For the past week, labor groups have been publicizing a new study that finds the federal government spends roughly $7 billion a year on benefits like food stamps and Medicaid for fast-food workers. Taxpayers, they say, are subsidizing the industry's profits.
In other words, Burger King is a Welfare Queen.
Now, activists have followed up with a nifty little PR stunt in the form of the video above. It's an edited recording* of a staffer on the McDonald's employee helpline explaining to a restaurant crew worker how they can sign up for food stamps, among other government benefits.
"McDonald's doesn't want to pay its workers more," the clip concludes. "Instead, it wants you to pay its workers more."
Just as there's nothing technically wrong with McDonald's telling workers they'll probably need a second job, there's also nothing technically wrong with fast-food companies explaining how to get federal benefits. And yet, here we have a terrifically profitable international corporation refusing to raise wages while acknowledging that it pays too little for its workers to comfortably survive.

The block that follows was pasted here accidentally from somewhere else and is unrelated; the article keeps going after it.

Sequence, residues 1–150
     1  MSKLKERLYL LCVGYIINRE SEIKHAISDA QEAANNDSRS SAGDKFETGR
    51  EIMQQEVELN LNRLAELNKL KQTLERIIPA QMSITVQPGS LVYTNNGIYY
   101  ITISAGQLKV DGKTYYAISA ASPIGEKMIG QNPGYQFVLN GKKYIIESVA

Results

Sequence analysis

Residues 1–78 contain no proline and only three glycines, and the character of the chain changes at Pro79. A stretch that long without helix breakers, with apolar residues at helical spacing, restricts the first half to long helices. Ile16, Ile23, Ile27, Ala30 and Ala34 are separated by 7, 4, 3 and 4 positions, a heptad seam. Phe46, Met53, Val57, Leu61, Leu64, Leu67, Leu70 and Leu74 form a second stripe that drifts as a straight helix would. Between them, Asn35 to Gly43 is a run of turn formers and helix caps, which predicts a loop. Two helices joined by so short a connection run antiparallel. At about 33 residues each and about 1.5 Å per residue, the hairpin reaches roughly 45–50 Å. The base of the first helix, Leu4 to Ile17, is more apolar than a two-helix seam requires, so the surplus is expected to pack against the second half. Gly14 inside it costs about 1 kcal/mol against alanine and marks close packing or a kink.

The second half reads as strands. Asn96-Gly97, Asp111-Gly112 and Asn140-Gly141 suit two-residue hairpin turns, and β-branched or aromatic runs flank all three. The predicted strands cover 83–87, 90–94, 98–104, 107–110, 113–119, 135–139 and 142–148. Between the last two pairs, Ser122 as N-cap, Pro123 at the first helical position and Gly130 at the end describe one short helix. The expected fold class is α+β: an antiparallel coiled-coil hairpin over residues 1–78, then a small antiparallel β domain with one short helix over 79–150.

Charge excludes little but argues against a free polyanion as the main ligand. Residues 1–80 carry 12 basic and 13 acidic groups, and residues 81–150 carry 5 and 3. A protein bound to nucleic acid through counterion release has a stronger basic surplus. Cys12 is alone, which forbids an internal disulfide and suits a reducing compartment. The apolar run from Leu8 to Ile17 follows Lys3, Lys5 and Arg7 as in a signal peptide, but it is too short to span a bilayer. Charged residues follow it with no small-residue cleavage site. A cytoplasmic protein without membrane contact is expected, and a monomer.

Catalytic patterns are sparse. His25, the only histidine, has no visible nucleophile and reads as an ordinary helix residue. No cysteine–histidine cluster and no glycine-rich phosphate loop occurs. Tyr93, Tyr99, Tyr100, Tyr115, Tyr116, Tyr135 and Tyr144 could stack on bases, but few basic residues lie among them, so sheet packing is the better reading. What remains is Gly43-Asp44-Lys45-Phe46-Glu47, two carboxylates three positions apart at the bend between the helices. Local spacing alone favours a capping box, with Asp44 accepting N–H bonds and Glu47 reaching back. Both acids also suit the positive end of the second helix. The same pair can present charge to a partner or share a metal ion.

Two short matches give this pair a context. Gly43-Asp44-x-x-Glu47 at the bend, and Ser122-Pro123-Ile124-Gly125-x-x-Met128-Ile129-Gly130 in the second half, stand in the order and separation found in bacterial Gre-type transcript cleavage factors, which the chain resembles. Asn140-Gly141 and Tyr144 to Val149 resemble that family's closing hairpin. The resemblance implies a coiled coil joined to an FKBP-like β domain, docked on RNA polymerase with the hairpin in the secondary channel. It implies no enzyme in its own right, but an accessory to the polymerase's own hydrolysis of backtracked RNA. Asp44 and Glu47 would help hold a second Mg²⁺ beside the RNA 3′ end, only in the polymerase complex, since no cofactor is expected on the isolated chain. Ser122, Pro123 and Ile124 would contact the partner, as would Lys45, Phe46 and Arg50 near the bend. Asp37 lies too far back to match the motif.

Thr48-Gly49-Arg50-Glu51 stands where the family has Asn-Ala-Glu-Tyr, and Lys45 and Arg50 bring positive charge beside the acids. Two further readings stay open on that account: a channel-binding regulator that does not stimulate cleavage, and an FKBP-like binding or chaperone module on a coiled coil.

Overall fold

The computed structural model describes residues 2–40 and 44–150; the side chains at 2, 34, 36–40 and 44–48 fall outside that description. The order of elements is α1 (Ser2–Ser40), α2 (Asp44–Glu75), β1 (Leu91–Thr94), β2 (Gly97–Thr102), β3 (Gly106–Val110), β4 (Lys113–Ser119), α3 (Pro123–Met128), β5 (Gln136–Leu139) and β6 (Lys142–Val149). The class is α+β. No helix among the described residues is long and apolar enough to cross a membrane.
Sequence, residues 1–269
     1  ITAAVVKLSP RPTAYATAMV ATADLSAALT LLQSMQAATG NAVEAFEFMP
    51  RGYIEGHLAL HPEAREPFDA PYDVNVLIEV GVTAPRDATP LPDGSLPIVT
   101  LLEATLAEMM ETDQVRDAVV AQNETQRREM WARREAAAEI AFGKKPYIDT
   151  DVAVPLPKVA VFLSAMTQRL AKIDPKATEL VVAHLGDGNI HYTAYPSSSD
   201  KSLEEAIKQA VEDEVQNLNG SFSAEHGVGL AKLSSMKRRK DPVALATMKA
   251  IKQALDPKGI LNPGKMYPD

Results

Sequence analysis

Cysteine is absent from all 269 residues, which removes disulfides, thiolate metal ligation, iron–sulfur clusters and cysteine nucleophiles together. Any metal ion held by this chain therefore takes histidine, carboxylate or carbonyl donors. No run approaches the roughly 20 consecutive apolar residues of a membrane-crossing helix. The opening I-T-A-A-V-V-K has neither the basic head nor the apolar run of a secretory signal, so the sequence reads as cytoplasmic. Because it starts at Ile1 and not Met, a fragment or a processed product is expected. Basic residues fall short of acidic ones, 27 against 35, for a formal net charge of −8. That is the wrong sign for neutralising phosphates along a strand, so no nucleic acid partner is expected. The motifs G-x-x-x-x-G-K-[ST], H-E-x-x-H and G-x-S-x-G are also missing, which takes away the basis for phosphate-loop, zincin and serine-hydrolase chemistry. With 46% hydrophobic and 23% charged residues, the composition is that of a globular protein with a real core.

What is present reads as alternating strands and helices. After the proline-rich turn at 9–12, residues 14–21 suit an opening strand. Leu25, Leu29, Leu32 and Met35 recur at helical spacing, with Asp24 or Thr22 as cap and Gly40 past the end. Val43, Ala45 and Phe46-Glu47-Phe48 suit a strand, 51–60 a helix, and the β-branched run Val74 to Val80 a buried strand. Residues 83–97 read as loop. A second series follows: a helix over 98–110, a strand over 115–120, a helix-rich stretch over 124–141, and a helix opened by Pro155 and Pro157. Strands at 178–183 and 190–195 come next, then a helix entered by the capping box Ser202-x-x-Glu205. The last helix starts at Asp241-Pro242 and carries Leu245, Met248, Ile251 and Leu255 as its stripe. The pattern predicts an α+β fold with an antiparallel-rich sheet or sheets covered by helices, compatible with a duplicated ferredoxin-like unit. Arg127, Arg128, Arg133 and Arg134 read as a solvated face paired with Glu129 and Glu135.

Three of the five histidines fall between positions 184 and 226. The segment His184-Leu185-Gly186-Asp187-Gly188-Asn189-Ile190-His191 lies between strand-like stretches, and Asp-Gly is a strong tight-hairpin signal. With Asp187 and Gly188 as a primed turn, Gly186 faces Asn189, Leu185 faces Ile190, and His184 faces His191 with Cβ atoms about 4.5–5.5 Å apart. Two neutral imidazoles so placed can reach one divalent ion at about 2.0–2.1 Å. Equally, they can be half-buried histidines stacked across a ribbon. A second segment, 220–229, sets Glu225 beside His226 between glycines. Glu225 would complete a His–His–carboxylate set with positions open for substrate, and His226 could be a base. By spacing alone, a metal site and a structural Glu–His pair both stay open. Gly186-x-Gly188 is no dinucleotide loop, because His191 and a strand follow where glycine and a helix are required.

And videos like this one aren't going to change its attitude. There too many incentives for fast food chains, and especially individual franchise owners, not to up what they pay. McDonald's, Dominos, Taco Bell and their ilk compete on rock bottom prices. It's a hot, greasy war fought with $5.99 two-topping pizzas, $1 beefy burritos and $5, 20-piece McNuggets. The battle to keep meals cheap is so fierce that McDonald's was willing to spend years fighting its own franchisees over its dollar menu—a one-buck double cheeseburger was worth a measly 6 cents profit at some stores—until finally giving some ground this week. And while McDonald's has proven it's capable of making a profit abroad while paying workers $15 an hour or more, in the end, the recipe for success usually includes higher prices. Fast food restaurants in the U.S. aren't going to risk emulating it and losing customers to the competition.